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Section 33 of Bombay Police Act 1951 empowers C.P./D.M. to make rules for requlation of traffic and for preservation of order in public places. Establishments / organisers providing entertainment in the form of dramatice / mimetice / dance or similar performances are required to obtain proper license from the competent authority under the rules referred to above.
Ans :
What is the meaning of 'Eating House'?
'Eating House' means any place to which the public are admitted, and where any kind of food or drink is supplied for consumption in the premises by any person owing or having an interest in or managing such place, and include a refreshment room, boarding-house, coffee-house or a shop where any kind of food or drink is supplied to the public for consumption in or near such shop, but does not include "placeof public entertainment".(Please refer section 2(5 A) of B P Act 1951).
Ans :
What is the meaning of the term 'place of public entertainment'?
Place of public entertainment means a lodging house, boarding and lodging house or residential hotel and includes any eating house in which any kind of liquor or intoxicating drug is supplied (such as a tavern, a wine shop, a beer shop or a spirit/ arrack/ toddy/ ganja/ bhang/ opium shop) to the public for consumption in or near such place. (Please refer section 2 (10) of Bombay Police Act, 1951).

A PPEL license is required to be obtained by all such establishments from the competent

When a person of a female is to be examined under this section, the examination shall be made only by, or under the supervision of, a female registered medical practitioner.

As per section 56 of Cr.P.C., A police officer making an arrest without warrant shall, without unnecessary delay and subject to the provisions herein contained as to bail, take or send the person arrested before a Magistrate having jurisdiction in the case or before the officer in-charge of a police station.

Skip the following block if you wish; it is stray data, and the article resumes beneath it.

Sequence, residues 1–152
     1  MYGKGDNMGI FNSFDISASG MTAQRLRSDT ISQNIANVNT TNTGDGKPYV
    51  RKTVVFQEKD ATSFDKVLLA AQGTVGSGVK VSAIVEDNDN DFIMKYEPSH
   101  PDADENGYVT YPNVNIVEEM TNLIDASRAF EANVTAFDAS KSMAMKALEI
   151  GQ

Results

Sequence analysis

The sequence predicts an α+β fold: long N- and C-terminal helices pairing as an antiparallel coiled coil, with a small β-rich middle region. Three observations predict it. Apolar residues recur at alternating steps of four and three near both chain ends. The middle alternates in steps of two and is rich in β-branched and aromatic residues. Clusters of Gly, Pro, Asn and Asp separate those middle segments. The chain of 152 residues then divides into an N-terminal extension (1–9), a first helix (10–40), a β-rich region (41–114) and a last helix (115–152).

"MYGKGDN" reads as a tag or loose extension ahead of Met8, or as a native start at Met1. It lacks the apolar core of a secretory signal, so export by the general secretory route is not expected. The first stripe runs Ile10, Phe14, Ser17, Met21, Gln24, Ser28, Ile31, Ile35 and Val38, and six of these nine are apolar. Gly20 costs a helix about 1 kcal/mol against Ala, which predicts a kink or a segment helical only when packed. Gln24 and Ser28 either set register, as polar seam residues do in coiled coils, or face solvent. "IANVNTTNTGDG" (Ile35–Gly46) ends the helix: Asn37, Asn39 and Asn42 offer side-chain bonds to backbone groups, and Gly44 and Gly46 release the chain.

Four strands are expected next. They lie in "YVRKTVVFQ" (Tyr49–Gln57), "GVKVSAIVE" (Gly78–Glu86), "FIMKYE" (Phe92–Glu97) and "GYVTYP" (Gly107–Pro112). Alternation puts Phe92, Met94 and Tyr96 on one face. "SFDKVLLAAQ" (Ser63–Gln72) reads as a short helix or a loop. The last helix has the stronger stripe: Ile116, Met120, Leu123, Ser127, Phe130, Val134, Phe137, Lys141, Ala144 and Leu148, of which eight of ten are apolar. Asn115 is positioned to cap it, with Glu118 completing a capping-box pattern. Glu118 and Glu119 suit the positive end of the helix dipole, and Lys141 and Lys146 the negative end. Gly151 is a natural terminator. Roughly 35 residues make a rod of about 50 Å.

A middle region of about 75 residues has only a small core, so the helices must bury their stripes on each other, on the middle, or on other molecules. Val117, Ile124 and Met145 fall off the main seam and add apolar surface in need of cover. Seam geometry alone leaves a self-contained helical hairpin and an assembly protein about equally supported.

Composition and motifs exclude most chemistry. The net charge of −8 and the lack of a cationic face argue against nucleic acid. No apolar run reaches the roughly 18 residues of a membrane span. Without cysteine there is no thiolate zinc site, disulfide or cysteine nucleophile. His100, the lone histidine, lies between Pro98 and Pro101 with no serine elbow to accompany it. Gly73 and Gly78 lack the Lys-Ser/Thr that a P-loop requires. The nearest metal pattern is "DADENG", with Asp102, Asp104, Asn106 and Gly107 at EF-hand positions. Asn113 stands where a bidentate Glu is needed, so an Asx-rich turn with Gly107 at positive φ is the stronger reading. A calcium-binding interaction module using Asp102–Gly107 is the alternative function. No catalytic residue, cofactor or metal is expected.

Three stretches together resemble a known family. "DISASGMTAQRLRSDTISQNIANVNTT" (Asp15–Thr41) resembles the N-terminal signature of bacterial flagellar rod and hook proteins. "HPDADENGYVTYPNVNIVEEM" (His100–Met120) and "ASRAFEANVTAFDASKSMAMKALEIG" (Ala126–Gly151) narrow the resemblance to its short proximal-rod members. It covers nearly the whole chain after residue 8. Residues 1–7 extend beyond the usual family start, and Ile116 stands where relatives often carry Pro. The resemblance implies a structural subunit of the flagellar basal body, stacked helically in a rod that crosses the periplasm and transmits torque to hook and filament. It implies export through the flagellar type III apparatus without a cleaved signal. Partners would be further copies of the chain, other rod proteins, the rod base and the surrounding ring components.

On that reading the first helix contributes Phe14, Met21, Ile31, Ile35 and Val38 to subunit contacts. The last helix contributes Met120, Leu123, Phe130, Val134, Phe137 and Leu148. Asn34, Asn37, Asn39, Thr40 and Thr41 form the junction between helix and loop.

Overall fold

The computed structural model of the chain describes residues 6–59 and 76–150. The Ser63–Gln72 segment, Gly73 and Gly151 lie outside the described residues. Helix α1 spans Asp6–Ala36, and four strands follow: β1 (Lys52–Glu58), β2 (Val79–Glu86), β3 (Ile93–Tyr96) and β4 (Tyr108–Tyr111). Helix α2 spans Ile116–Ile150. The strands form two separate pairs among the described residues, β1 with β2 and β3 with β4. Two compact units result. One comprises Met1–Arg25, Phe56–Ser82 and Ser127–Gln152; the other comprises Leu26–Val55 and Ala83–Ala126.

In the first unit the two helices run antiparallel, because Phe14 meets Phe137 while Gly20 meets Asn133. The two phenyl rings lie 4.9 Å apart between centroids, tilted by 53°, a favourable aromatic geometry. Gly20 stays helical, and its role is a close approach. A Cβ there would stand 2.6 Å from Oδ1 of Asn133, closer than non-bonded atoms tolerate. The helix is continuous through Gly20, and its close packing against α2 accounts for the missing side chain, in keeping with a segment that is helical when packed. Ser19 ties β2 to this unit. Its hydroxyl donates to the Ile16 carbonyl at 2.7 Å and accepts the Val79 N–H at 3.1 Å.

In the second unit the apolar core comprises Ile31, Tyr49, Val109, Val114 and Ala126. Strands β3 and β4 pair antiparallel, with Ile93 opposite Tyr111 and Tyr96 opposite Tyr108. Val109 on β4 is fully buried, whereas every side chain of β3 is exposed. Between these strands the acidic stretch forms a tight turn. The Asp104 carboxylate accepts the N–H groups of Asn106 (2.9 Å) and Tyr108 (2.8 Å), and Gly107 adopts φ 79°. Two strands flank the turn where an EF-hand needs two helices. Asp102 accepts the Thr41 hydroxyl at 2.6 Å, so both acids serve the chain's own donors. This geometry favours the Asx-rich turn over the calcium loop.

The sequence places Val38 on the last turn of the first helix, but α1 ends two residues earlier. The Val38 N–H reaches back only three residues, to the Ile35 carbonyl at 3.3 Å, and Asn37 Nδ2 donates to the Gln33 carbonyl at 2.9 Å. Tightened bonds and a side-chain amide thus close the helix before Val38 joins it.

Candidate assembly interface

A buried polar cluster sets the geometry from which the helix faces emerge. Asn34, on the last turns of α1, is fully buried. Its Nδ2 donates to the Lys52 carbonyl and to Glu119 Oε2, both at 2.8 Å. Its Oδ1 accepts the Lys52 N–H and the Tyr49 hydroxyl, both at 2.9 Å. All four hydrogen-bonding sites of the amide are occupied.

As per section 57 of Cr.P.C., No police officer shall detain in custody a person arrested without warrant for a longer period than under all the circumstances of the case is reasonable, and such period shall not, in the absence of a special order of a Magistrate under section 167, exceed 24 hours exclusive of the time necessary for the journey from the place of arrest to the Magistrate's Court.

As per section 151 of Cr.P.C'., a person can also be arrested to prevent commission of cognizable offences.
Ans :
What is meant by "Bailable / Non-bailable offences"?
1. Under the Code of Criminal Procedure 1973 (first shedule), offences have been classified as 'bailable' and
    'non-bailable' offences.
2. In the case of bailable offences, it is binding upon the investigating officer to grant bail. However, in case of
    a non-bailable offence, the police can not grant bail and bail can be granted by a Judicial Magistrate/Judge
3. In case of bailable offences, if the accused produces proper surety, and fulfills other conditions, it is binding
    upon the Investigating officer to grant bail.
4. In the case of a non-bailable offence, the Investigating Officer must produce the accused before the
    Judicial Magistrate / Judge concerned within 24 hours of his arrest. At that time, the accused has
    a right to apply for bail.
The above terms and conditions are subject to change as per State Government rules and amendments made by the Licencing Authority from time to time. The Licencing Authority may ask for any other necessary documents if required other than mentioned above.
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